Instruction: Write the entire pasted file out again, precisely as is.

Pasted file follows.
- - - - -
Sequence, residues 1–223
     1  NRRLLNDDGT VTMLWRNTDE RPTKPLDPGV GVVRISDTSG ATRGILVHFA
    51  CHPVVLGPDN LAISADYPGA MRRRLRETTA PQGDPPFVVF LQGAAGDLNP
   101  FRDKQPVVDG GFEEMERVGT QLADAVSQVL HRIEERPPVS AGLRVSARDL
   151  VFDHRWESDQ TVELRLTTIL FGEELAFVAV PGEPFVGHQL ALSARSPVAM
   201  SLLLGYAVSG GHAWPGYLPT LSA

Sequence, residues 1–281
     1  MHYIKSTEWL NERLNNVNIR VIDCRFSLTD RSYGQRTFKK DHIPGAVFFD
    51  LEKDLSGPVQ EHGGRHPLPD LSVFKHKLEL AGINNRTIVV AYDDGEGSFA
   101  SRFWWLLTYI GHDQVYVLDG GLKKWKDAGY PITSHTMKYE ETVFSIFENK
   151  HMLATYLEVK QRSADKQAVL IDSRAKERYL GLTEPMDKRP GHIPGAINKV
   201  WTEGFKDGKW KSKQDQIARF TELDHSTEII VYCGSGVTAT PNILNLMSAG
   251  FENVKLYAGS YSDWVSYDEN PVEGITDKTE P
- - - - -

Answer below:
Sequence, residues 1–223
     1  NRRLLNDDGT VTMLWRNTDE RPTKPLDPGV GVVRISDTSG ATRGILVHFA
    51  CHPVVLGPDN LAISADYPGA MRRRLRETTA PQGDPPFVVF LQGAAGDLNP
   101  FRDKQPVVDG GFEEMERVGT QLADAVSQVL HRIEERPPVS AGLRVSARDL
   151  VFDHRWESDQ TVELRLTTIL FGEELAFVAV PGEPFVGHQL ALSARSPVAM
   201  SLLLGYAVSG GHAWPGYLPT LSA

Sequence, residues 1–281
     1  MHYIKSTEWL NERLNNVNIR VIDCRFSLTD RSYGQRTFKK DHIPGAVFFD
    51  LEKDLSGPVQ EHGGRHPLPD LSVFKHKLEL AGINNRTIVV AYDDGEGSFA
   101  SRFWWLLTYI GHDQVYVLDG GLKKWKDAGY PITSHTMKYE ETVFSIFENK
   151  HMLATYLEVK QRSADKQAVL IDSRAKERYL GLTEPMDKRP GHIPGAINKV
   201  WTEGFKDGKW KSKQDQIARF TELDHSTEII VYCGSGVTAT PNILNLMSAG
   251  FENVKLYAGS YSDWVSYDEN PVEGITDKTE P